Unweaving the Rainbow by Richard Dawkins
Science, Delusion and the Appetite for Wonder

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Did Newton "unweave the rainbow" by reducing it to its prismatic colors, as Keats contended? Did he, in other words, diminish beauty? Far from it, says acclaimed scientist Richard Dawkins; Newton's unweaving is the key to much of modern astronomy and to the breathtaking poetry of modern cosmology. Mysteries don't lose their poetry because they are solved: the solution often is more beautiful than the puzzle, uncovering deeper mysteries. With the wit, insight, and spellbinding prose that have made him a best-selling author, Dawkins takes up the most important and compelling topics in modern science, from astronomy and genetics to language and virtual reality, combining them in a landmark statement of the human appetite for wonder.
This is the book Richard Dawkins was meant to write: a brilliant assessment of what science is (and isn't), a tribute to science not because it is useful but because it is uplifting.

About Richard Dawkins

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Richard Dawkins taught zoology at the University of California at Berkeley and at Oxford University and is now the Charles Simonyi Professor of the Public Understanding of Science at Oxford, a position he has held since 1995. Among his previous books are The Ancestor's Tale, The Selfish Gene, The Blind Watchmaker, Climbing Mount Improbable, Unweaving the Rainbow, and A Devil's Chaplain. Dawkins lives in Oxford with his wife, the actress and artist Lalla Ward.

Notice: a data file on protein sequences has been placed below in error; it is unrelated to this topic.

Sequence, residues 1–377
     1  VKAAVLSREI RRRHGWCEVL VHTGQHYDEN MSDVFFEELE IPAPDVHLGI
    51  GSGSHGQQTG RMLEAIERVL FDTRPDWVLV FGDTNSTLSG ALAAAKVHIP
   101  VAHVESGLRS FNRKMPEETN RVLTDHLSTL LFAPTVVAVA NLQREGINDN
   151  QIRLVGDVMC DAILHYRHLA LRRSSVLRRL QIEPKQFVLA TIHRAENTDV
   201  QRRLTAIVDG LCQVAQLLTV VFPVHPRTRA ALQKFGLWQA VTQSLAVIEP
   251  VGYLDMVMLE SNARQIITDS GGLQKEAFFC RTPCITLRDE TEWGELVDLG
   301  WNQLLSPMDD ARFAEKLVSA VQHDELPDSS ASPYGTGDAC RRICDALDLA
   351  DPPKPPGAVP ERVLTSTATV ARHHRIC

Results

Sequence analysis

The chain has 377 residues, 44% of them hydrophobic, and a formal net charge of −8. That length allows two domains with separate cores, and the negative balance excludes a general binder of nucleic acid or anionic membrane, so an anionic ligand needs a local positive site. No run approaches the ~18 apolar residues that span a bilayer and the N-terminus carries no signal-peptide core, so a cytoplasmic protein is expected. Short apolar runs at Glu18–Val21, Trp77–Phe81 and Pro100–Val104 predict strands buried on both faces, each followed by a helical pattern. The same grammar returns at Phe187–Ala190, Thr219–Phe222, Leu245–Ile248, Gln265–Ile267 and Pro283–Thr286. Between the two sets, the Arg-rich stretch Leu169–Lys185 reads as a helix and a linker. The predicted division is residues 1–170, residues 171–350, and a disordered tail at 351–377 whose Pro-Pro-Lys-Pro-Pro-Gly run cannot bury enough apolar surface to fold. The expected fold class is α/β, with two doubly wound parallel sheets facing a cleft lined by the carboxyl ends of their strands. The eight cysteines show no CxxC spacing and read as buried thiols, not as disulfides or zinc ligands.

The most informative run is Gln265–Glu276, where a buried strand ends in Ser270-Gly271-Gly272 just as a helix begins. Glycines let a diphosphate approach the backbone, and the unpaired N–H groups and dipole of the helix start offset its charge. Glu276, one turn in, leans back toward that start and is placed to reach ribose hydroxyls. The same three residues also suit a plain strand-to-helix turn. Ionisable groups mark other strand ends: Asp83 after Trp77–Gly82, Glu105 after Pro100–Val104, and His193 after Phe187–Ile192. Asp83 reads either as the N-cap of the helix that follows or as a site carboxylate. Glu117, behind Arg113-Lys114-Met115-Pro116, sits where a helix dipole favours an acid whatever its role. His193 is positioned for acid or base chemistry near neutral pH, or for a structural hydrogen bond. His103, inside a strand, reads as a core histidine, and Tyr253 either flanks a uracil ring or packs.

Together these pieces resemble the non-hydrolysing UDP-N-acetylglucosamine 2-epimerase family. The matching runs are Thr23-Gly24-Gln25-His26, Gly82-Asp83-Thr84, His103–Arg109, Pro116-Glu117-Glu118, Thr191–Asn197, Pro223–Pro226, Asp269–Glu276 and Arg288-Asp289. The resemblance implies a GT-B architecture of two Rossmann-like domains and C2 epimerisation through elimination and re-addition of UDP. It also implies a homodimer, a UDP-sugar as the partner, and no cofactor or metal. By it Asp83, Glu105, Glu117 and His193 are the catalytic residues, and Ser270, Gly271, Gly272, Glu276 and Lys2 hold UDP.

Published April 5, 2000 by Mariner Books. 355 pages
Genres: Science & Math, Law & Philosophy, Professional & Technical, Crafts, Hobbies & Home. Non-fiction

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Kirkus Reviews

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Dawkins takes to heart his title of Charles Simonyi Professor of Public Understanding of Science at Oxford in this thoughtful exegesis on the nature of science and why its detractors are all wrong.

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Publishers Weekly

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In these conversational, discursive essays, Dawkins is, as always, an elegant, witty popularizer, whether he is offering a crash course in DNA fingerprinting, explaining the origins of ""mad cow disease"" in weird proteins that spread like self-replicating viruses or discussing male birdsong as a...

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Daily Kos

They claim - in Dawkin's case I think disingenuously and in Dennett's case naively - that the word should not have any overtones of "more intelligent".

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London Review of Books

He quotes Blake – To see a world in a grain of sand And a heaven in a wild flower Hold infinity in the palm of your hand And eternity in an hour – and says that he could write the same words with a very different meaning: The stanza can be read as all about science, all about standing in the m...

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